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    Nothing ever changes until it has to, until the general run of people feel that the status quo is simply unacceptable. Politics, sure. But education, traffic, the environment, health/disease, human rights, population, etc. etc. (I could go on), none of it ever changes or ever will change until people have just had enough.

    I personally feel that we are approaching that point rapidly in American politics. Or maybe we've reached it. The question is, which way will it go? Trying to get in front of the change to help guide it thoughtfully is the challenge. It may be impossible, but it's worth a shot.

  23. #23
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    I always thought charter schools were idiotic because they further the fragmentation of society. I think a common root property of economic inequality is a lack of social cohesion and social manifestations of basic disrespect.

    I don't have numbers or data to back this up, but if one thinks about when countries or societies are more economically balanced, that is sometimes preceded by periods of social cohesion. For example, WW2 was a devastating event that brought about a period of societal sympathy, an event that brought together lots of different social classes where the horrors or war flattened the sense of supremacy that hierarchical societies manifest. Afterwards, as is documented in the kudos to the 'greatest generation' writing, people seemed to pull together to re-establish something that built us up and away from the dystopian phases of racial supremacy and war.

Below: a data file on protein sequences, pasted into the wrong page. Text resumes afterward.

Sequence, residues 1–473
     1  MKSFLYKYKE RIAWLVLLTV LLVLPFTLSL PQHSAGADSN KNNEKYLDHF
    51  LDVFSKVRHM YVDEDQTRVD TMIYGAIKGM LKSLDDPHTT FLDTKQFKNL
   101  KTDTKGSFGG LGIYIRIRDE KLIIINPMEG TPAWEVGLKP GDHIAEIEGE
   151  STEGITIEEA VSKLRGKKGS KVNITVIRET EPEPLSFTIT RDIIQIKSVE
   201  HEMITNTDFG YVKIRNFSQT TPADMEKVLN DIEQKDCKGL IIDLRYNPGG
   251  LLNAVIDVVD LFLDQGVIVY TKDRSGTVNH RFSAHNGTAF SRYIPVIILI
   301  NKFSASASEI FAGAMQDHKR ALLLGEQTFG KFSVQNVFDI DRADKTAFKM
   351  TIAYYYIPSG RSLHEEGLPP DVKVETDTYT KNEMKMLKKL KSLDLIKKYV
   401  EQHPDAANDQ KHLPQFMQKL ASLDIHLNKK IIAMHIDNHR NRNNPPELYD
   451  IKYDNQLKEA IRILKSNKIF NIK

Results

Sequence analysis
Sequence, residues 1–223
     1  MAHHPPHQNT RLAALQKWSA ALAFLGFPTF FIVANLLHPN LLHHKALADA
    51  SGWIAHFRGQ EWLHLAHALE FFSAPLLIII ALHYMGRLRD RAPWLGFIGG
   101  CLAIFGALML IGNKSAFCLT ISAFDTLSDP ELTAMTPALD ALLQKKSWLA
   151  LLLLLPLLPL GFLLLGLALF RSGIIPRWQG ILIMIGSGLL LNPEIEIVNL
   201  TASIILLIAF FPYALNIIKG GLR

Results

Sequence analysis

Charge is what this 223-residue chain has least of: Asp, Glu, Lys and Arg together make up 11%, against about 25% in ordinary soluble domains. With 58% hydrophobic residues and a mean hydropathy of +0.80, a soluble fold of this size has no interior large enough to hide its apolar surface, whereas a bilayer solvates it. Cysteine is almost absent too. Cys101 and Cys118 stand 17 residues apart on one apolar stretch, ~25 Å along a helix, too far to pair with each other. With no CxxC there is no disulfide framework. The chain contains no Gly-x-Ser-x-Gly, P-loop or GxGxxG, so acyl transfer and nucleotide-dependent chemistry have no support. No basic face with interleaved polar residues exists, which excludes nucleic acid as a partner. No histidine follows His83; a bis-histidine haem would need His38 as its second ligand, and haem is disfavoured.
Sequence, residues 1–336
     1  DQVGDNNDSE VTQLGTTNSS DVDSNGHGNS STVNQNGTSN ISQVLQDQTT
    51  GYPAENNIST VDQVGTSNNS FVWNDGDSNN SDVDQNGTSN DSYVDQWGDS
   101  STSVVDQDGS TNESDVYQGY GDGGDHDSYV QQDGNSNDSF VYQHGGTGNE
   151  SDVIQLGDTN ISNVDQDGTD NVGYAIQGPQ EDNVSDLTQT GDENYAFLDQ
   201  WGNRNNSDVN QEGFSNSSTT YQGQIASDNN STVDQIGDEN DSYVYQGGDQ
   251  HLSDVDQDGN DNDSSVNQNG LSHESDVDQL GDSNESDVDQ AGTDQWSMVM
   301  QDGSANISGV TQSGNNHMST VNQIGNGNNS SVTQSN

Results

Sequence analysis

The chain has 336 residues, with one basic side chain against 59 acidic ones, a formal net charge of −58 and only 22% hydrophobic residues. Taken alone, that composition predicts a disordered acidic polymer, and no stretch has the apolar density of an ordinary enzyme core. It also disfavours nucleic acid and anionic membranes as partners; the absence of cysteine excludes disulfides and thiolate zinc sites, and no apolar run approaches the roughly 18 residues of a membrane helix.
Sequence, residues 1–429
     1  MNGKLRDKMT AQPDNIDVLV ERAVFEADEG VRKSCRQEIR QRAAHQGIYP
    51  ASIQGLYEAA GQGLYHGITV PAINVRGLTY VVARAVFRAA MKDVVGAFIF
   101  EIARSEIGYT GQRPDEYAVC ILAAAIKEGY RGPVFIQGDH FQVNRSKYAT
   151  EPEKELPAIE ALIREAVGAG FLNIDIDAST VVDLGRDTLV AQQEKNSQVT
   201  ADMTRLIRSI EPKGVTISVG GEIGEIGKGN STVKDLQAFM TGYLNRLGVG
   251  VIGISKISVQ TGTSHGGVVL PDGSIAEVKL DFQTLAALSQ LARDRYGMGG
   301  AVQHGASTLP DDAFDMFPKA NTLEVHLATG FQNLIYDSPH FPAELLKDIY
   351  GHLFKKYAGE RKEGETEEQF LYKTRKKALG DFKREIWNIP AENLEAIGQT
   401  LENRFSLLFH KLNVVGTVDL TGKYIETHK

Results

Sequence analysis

I don't really understand what the causes of social upheaval of the 60s were, but during that time, there was a fragmentation of society that I don't think the USA ever really recovered from. My generation had a lot to do with it, cloaking classism in causes, better than thou weed and groovier attitudes. Virtually all of the executives at the top of the current corpocratic constructs in America came from my generation and manifest this sense of supremacy and disrespect for those outside their sphere. That's what allows the power elite to be satisfied with furthering economic inequality, they don't see themselves as having much to do with the rest of America.